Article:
The Cat in Winter …

Posted By Peter Vilbig on Jan 29, 2011 in Domestic Life | 0 comments

I’ve been worried about the little gray cat. He’s been living on the sidewalk in front of our apartment for the past year or more—the exact date of his arrival is something nobody can quite pinpoint. He’s a small but beautiful cat (someone walking past said he’s a Russian Blue—this passerby seemed to know what he was talking about). He sits on the stoops in front of our building and the building next door, gazing imperiously at all who walk by. He is reminiscent of a cat Borges mentions in his story, “The South.” As the narrator leaves on his journey he passes through a neighborhood where he notices “un enorme gato que se dejaba acariciar por la gente, como una divinidad desdeñosa.” “An enormous cat that permitted itself to be caressed by the passerby, like a disdainful divinity.” Except for its size, this is the little gray cat to a T.

People in our building and the building next door feed the little gray cat, and for all of last year he seemed to prosper, his coat gleaming. He is beautiful and therefore receives a lot of attention, though he will permit himself to be petted only when the mood strikes him. And woe be unto those who have tried to pick him up, or even, in a few cases, to lure him into a cat container to domesticate him. The little gray cat is too wary and too fast for them. We’ve see him hunting in an abandoned lot down the street from time to time, and in those moments we know the futility of trying to tame him.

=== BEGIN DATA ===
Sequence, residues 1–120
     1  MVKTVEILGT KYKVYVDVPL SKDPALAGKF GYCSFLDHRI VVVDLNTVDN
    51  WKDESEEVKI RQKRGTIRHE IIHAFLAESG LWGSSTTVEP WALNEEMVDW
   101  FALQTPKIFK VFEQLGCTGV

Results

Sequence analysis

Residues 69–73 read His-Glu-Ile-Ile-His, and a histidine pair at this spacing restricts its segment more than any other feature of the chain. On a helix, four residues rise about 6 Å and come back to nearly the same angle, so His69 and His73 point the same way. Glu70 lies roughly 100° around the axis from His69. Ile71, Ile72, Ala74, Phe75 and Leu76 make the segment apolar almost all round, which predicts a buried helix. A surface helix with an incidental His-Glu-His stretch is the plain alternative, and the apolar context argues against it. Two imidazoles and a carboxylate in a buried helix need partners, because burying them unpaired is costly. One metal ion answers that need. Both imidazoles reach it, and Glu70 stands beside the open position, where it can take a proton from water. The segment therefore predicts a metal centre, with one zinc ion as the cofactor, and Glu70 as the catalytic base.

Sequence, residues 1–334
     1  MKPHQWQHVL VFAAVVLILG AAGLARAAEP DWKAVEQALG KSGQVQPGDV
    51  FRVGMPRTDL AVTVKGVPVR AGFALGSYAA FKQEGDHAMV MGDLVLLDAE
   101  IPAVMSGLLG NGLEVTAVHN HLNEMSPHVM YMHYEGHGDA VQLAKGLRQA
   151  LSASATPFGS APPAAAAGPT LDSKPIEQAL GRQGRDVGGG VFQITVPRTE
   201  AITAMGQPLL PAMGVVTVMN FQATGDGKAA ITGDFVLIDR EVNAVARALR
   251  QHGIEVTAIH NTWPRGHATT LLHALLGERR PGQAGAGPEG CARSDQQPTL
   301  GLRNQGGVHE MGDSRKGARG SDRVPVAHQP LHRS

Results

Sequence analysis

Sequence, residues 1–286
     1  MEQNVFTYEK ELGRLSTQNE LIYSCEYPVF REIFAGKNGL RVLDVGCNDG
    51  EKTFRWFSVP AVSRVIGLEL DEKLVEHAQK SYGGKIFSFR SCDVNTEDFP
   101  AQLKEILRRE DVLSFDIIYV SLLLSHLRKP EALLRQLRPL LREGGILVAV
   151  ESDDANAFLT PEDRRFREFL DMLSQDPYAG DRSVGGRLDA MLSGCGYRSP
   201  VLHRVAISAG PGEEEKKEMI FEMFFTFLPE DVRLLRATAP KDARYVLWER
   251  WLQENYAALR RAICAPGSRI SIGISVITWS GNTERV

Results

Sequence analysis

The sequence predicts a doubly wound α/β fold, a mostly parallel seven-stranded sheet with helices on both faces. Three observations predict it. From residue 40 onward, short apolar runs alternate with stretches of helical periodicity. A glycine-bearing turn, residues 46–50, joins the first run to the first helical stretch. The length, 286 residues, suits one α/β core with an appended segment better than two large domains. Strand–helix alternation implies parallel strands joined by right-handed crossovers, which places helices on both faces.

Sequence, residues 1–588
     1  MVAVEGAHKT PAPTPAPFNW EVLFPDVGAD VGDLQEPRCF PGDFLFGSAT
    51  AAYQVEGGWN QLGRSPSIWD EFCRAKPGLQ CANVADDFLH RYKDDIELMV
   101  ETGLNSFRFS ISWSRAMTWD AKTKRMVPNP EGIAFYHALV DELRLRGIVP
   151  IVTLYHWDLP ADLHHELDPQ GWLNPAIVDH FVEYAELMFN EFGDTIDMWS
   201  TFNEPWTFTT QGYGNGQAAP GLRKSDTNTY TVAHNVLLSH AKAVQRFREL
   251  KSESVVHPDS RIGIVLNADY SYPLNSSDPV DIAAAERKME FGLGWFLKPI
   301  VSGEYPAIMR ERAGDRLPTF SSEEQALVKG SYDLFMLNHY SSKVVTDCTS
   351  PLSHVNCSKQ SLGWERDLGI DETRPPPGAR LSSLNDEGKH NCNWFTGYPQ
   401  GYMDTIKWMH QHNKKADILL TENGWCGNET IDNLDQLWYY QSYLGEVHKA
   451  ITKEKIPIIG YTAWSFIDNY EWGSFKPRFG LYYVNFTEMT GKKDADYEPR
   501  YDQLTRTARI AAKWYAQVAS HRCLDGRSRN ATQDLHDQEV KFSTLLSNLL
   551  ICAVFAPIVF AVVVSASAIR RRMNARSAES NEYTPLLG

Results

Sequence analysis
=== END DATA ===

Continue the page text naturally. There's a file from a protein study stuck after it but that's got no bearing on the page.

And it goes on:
But this winter, with its endless snowstorms and fierce cold, has not been kind to the little gray cat. We have found him from time to time in front of the building meowing—yes, meowing just like any other hungry cat. (We’ve joined the neighbors in feeding him.) Since the last snowstorm on Thursday, we’ve not seen him at all. So I think quite a few of us are worried about him, though not too worried: the little gray cat is a survivor. I expect to see him soon with his disdain intact—I prefer him that way—but in extremis, he is like any of us who inhabit a body, cat or human—vulnerable and given to revealing his weaknesses before the cruelties of nature.

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